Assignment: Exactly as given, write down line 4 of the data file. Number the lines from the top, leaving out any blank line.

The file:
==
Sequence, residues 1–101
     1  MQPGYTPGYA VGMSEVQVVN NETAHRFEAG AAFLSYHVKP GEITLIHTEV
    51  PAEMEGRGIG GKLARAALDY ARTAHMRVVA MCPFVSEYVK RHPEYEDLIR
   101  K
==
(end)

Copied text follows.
   101  K